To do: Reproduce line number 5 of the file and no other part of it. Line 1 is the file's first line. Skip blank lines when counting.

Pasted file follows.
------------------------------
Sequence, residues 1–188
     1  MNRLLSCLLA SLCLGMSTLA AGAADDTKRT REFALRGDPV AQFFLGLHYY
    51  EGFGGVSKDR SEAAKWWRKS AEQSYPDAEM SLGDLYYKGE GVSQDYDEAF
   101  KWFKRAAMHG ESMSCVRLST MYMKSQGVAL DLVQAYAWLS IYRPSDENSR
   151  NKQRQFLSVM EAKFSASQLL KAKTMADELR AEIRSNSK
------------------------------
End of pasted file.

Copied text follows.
   151  NKQRQFLSVM EAKFSASQLL KAKTMADELR AEIRSNSK